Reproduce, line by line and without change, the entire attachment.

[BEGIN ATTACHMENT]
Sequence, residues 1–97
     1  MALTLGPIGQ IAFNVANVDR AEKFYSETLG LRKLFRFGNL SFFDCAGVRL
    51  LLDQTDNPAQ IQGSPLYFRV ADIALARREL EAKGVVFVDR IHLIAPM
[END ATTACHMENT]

Sequence, residues 1–97
     1  MALTLGPIGQ IAFNVANVDR AEKFYSETLG LRKLFRFGNL SFFDCAGVRL
    51  LLDQTDNPAQ IQGSPLYFRV ADIALARREL EAKGVVFVDR IHLIAPM